Nearly 50% of respondents indicated they were centralizing the control of I/S resources, compared with 15% who were decentralizing the control. For those 50%, we believe this task may well be your most significant challenge.

Once surrounded by impenetrable glass houses, the 80s saw the power and influence of corporate I/S groups erode in favor of the distributed (and frequently isolated) computing paradigm. As we approach the turn of the century, it would appear the balance is again shifting. Corporate I/S groups are once again moving into the spotlight -- and facing increased pressure to fulfill the responsibilities of this new role.

While organizational power structures naturally tend to cycle, SPG Analyst Services believes the Internet is one of the major catalysts driving this particular organizational shift. In the heydays of distributed computing, this often meant customers had to contact several groups to review their total account status. Naturally, because each line of business had its own system -- savings, checking, mortgage, home equity, credit card, etc. The Internet changes all that, both from the mindset of today's customers and from the perspective of providing a single, standard and controlled entry point into a corporation's business processes. With the current business focus on customer service and the capabilities provided by the Internet, the tendency is now to integrate access to those systems. And corporate groups are the natural leaders of this integration effort. In some cases, the applications are being totally re-designed and re-written. In others, the systems are being integrated by bridging software that links them to various systems with the click of a mouse.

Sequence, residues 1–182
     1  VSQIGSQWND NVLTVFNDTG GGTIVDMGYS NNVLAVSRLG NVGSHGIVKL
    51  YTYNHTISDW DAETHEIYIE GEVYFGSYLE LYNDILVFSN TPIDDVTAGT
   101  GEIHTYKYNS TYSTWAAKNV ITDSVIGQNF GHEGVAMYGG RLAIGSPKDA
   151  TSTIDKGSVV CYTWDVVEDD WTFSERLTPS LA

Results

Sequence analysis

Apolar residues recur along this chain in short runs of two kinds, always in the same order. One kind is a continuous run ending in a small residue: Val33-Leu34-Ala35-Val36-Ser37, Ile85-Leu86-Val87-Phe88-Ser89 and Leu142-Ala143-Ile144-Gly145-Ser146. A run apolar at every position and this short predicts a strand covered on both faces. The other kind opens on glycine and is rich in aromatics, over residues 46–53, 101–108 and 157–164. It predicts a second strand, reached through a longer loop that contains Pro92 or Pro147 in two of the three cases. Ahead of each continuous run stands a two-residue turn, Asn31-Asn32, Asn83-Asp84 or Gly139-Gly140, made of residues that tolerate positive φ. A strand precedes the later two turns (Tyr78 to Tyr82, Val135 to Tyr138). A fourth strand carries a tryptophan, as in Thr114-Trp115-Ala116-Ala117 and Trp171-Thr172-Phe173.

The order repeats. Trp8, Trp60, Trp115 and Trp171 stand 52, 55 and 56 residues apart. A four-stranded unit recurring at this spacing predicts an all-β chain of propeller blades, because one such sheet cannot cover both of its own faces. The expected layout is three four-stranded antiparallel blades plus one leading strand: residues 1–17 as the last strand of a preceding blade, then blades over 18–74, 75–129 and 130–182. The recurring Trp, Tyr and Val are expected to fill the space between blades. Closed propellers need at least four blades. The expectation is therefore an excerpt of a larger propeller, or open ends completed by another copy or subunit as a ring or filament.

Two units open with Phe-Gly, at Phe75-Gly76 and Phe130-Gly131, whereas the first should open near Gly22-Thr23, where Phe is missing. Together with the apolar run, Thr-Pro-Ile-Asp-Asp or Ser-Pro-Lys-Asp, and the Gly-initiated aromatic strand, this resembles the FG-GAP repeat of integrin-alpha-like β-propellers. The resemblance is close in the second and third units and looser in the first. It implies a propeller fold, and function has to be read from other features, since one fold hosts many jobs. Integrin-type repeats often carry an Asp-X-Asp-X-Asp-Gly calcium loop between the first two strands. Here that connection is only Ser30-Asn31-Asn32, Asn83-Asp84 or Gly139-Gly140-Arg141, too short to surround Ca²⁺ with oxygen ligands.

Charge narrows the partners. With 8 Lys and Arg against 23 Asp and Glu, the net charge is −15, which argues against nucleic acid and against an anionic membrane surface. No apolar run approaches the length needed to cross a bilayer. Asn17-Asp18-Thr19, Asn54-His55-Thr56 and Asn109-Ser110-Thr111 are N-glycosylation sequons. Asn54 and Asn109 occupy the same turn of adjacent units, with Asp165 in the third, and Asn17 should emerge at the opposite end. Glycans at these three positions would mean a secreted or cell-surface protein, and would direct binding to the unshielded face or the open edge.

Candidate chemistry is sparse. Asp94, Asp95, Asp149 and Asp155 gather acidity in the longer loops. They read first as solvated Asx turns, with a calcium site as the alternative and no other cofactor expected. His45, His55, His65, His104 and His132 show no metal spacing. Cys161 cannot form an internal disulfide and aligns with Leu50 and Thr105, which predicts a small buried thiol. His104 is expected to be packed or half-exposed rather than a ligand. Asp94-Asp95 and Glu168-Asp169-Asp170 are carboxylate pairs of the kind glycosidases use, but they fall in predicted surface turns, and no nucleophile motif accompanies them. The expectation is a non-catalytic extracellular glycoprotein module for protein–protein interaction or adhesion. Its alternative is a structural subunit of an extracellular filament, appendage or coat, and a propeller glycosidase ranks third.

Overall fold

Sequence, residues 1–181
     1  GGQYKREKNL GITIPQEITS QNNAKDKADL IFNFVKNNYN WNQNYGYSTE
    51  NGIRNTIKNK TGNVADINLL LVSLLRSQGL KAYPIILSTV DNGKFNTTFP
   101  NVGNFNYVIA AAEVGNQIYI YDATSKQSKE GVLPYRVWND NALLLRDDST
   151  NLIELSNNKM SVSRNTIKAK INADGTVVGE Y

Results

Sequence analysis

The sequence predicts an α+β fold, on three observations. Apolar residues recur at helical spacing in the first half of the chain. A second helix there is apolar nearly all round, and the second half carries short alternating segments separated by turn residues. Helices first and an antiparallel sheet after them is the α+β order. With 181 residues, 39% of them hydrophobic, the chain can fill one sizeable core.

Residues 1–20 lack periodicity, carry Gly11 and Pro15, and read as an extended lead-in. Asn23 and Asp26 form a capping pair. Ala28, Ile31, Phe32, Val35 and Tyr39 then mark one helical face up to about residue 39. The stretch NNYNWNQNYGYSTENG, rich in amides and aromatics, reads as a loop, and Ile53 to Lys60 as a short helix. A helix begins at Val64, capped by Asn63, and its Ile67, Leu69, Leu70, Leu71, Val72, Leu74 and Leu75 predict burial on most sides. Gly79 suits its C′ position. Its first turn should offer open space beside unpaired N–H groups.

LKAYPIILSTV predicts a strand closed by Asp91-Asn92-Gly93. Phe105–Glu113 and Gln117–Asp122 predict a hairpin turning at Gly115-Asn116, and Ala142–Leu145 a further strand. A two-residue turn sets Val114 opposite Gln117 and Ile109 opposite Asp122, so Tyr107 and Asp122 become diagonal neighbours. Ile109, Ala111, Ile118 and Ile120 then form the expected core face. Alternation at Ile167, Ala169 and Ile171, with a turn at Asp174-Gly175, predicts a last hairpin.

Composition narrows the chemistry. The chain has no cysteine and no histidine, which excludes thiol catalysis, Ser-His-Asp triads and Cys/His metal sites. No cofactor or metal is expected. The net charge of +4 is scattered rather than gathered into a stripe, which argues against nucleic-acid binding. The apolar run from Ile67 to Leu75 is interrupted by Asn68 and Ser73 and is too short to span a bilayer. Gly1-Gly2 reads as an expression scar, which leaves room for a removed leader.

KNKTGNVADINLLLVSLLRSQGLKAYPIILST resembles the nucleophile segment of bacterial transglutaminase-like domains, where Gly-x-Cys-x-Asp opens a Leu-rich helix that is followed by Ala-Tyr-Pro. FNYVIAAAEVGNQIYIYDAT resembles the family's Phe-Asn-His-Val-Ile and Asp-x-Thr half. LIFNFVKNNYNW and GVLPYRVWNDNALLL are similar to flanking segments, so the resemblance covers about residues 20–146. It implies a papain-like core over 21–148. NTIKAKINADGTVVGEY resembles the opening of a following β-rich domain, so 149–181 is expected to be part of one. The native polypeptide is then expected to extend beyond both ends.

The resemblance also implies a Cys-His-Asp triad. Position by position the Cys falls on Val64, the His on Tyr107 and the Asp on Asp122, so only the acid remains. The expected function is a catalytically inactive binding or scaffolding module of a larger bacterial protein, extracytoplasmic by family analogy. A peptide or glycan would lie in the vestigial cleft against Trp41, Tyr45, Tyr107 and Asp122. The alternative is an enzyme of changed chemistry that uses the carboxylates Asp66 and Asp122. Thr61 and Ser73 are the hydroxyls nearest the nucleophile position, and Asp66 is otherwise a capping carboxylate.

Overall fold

Not for the faint-hearted

The world of corporate I/S is not for the faint-hearted. Manage a corporate integration effort across lines of business that may or may not want to be integrated. Improve the quality of I/S products and services. Develop applications faster. Reduce I/S
expenses. Exploit new technology that is evolving at breakneck speed. And if you have not already done so, deal with the year 2000 issues. It is no wonder CIOs are on the endangered species list and battle-hardened designers and developers with good track records are worth their weight in gold.

Is there a model for success? From the I/S groups we have talked with, the answer is yes and no. There does not seem to be a cookie cutter approach that consistently works -- either in terms of organizational or technology solutions. The commonality among the successful I/S groups? They all have a plan and they are very focused on implementing that plan. Some groups have a strong central team implementing new systems. Others have developed more of an integrate-the-teams-and-systems-we-have approach. Some have migrated from the mainframe to client/server and will move to the Internet when the time is right. Some will leap right from the mainframe to Internet-enablement. But they all have a plan, a long range vision, that works best for their company in their market.

About the Author

Sandra Taylor is director of SPG Analyst Services, Natick, Mass.